January 5, 2007
I’ve been hearing a lot about the futures market. What is it?

The futures market is conceptually a place where an investor can arrange to buy or sell something at a specified date in the future and at a price agreed upon today. There are futures markets for commodities as well as financial instruments. There are many different types of commodities that can be traded including wheat, oil, Soya, corn, silver etc. Similarly futures contracts on financial instruments such as equities, Eurodollar deposits, and indices are available.{{more}} Futures contracts can be extremely useful. For example, if a producer of wheat is going to have a certain quantity of production to sell in three months time but thinks that the price may fall over that time, he can get into a contract to sell at the futures price agreed upon today. In this way the producer hedges the risk of the price he gets for his produce. On the other hand, the purchaser of wheat may think that the price of wheat may rise and in order to avoid paying a higher cost can also hedge this risk by arranging to purchase wheat at a specified future date and price. The financial markets also have such hedging facilities. For example, if a mutual fund manager has to pay a distribution in six months but feels over this time the prices of shares in his portfolio may fall he can hedge the prices of the shares falling by arranging to sell these in the future at prices agreed upon today. This sounds all well and good but remember nothing comes for free. The opportunity cost in a futures contract is if the price of the commodity or financial instrument goes counter to what was anticipated. If the wheat producer arranges to sell at the futures price but if the spot price at the time of settlement is higher than what was expected the producer loses the opportunity to sell at the higher price. The producer may prefer incurring this opportunity cost rather than selling at a lower price.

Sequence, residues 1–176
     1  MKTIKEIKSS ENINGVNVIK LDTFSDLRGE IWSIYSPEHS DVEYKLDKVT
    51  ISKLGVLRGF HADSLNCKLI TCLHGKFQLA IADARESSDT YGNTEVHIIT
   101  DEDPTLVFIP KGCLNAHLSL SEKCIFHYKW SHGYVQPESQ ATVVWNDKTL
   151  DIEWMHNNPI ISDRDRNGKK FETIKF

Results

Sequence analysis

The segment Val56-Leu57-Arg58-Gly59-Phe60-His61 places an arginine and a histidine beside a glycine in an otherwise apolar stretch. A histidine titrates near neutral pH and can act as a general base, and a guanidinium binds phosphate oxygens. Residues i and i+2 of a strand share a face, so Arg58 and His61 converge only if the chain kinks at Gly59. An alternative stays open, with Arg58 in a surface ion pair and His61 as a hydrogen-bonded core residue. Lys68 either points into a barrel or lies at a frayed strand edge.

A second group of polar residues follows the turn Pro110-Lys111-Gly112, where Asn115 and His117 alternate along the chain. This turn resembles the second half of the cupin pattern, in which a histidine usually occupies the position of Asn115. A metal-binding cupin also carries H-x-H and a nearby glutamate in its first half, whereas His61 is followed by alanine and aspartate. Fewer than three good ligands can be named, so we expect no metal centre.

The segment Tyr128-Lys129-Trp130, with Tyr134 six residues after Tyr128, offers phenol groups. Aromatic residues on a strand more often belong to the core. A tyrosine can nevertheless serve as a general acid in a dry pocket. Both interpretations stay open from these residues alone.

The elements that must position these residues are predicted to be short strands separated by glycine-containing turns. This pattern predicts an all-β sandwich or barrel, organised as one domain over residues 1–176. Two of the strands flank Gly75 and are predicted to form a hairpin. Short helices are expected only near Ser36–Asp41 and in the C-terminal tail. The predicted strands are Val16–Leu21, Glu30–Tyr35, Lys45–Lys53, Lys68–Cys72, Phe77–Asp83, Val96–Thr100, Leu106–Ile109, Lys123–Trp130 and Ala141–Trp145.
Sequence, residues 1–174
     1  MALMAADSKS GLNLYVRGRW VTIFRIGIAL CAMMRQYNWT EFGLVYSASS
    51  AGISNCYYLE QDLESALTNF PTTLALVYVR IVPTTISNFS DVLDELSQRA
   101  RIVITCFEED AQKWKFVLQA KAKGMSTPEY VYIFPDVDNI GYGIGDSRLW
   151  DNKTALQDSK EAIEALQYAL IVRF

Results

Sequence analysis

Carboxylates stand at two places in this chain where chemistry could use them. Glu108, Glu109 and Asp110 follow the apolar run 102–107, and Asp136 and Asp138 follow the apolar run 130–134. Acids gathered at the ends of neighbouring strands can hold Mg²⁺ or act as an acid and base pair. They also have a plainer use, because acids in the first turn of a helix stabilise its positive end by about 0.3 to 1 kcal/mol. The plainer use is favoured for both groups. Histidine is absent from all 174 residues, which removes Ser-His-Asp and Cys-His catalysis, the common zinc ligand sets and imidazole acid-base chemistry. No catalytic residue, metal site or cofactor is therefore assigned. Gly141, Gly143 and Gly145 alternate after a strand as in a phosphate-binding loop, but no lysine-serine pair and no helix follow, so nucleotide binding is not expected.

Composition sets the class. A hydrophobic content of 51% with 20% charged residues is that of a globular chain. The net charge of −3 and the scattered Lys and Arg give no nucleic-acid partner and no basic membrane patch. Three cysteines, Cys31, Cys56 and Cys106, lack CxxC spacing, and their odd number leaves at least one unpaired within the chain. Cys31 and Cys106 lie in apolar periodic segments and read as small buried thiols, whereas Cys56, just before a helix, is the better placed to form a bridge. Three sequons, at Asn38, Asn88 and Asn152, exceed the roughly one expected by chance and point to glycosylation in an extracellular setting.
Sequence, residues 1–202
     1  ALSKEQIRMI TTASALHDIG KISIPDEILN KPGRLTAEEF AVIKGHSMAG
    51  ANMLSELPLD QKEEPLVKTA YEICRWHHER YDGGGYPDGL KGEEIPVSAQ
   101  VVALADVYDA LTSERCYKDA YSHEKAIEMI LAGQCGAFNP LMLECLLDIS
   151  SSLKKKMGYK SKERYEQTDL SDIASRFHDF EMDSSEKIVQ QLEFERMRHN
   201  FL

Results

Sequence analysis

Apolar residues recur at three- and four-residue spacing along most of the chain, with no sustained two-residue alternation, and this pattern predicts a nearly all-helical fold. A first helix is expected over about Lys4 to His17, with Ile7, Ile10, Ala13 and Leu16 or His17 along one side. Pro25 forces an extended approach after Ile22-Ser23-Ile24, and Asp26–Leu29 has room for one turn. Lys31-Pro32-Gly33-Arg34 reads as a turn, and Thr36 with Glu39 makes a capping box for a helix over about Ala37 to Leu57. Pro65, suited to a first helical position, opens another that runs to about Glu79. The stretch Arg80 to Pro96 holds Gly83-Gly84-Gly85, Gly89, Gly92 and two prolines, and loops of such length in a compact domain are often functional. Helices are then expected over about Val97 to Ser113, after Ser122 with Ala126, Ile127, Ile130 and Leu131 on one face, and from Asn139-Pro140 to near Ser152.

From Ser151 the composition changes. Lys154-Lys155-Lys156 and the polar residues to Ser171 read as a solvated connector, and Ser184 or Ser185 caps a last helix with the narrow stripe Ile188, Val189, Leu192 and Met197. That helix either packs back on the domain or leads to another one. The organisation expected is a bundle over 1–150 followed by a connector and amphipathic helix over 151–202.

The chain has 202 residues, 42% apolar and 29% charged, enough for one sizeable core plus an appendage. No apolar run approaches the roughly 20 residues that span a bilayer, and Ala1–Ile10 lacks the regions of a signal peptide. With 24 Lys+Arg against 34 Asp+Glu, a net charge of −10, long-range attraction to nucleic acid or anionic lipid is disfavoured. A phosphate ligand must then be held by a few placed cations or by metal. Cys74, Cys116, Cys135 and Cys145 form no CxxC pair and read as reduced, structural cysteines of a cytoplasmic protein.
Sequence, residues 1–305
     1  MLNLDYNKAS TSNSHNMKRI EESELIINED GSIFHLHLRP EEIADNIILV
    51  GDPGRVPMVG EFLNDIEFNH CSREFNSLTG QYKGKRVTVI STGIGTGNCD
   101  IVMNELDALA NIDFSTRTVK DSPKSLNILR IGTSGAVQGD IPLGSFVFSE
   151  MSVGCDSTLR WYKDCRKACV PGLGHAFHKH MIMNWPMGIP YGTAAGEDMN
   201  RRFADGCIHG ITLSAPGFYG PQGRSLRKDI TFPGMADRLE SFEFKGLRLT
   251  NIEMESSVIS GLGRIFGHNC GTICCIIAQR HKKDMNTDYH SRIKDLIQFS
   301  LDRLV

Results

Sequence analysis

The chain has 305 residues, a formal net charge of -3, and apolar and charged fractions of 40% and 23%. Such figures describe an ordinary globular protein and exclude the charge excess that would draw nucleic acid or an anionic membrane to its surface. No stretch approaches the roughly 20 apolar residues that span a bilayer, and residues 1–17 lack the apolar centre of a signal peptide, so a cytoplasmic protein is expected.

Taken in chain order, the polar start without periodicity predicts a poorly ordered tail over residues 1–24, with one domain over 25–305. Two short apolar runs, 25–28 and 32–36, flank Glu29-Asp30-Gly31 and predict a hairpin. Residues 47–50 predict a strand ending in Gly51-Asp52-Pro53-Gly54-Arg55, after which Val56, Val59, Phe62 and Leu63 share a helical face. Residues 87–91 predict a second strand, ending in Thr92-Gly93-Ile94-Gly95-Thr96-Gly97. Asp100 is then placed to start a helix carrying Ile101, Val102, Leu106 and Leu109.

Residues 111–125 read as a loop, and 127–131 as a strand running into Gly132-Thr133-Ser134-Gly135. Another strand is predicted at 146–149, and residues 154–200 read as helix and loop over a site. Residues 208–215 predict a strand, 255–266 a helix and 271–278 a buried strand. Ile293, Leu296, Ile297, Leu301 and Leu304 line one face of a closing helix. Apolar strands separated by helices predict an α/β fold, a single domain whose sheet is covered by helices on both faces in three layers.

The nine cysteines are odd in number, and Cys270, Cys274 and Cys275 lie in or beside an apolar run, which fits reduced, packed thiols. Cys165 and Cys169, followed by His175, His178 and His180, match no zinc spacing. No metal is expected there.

l I’ve heard that refinancing my mortgage can reduce my monthly payments as interest rates are low right now, but when the rates go back up won’t I be back to square one?

l The rates on most mortgages are fixed for the term and so if you refinance your mortgage today and rates subsequently go back up again the rate on your mortgage would stay constant. Therefore, by refinancing now before rates increase again you effectively lock in a fixed rate for the term of your mortgage. Now a fixed rate mortgage is a double-edged sword. If rates go back up you benefit. However, if rates fall further you would be paying higher than you have to. In fact, this would have been the reason why you had to refinance in the first place.

Overall fixed rate mortgages may not be the most efficient instrument. If rates fall, while in theory you may be able to refinance, the costs associated in the form of legal fees and stamp duty can be significant. These upfront costs may make it prohibitive to refinance even though there could be significant interest savings over time.